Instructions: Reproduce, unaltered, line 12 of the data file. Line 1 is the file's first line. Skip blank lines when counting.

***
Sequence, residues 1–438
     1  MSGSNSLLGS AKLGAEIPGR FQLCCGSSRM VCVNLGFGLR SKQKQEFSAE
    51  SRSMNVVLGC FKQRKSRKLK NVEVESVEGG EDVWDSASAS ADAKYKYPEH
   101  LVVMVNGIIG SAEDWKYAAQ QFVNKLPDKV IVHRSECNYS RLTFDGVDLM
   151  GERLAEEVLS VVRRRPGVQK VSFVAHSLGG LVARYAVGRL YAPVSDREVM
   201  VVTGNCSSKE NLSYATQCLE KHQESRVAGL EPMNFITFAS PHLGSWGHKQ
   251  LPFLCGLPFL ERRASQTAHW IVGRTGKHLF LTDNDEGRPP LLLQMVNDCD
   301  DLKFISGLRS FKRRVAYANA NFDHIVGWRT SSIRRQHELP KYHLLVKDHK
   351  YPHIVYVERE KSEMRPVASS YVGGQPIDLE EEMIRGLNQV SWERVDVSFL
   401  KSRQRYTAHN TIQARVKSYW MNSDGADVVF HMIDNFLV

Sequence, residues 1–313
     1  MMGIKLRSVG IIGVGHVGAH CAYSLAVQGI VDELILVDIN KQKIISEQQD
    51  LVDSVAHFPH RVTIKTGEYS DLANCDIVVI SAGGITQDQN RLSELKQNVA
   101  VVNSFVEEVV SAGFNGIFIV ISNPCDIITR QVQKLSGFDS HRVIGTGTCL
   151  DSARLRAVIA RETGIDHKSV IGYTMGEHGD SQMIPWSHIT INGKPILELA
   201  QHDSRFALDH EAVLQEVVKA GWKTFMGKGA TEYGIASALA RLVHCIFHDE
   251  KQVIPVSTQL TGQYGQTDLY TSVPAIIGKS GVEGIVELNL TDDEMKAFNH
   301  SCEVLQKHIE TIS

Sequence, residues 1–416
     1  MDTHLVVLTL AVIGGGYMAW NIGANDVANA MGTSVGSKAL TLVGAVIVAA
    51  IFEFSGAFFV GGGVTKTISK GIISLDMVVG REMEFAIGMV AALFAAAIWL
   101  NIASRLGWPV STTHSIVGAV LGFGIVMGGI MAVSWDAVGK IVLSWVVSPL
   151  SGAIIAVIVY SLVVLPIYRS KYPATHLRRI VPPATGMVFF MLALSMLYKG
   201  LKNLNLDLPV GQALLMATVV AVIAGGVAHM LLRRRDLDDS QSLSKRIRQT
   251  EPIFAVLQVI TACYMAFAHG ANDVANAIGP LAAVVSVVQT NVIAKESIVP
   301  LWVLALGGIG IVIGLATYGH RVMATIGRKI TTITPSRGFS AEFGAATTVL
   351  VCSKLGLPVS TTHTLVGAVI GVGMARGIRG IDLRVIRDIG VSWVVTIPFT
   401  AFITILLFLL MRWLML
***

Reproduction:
     1  MMGIKLRSVG IIGVGHVGAH CAYSLAVQGI VDELILVDIN KQKIISEQQD